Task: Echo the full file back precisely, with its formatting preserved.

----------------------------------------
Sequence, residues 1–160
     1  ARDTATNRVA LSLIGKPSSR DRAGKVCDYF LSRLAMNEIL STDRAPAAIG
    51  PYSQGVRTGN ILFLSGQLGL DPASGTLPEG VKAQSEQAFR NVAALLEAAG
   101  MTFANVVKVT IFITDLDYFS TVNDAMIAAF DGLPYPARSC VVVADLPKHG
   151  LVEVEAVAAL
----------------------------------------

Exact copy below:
Sequence, residues 1–160
     1  ARDTATNRVA LSLIGKPSSR DRAGKVCDYF LSRLAMNEIL STDRAPAAIG
    51  PYSQGVRTGN ILFLSGQLGL DPASGTLPEG VKAQSEQAFR NVAALLEAAG
   101  MTFANVVKVT IFITDLDYFS TVNDAMIAAF DGLPYPARSC VVVADLPKHG
   151  LVEVEAVAAL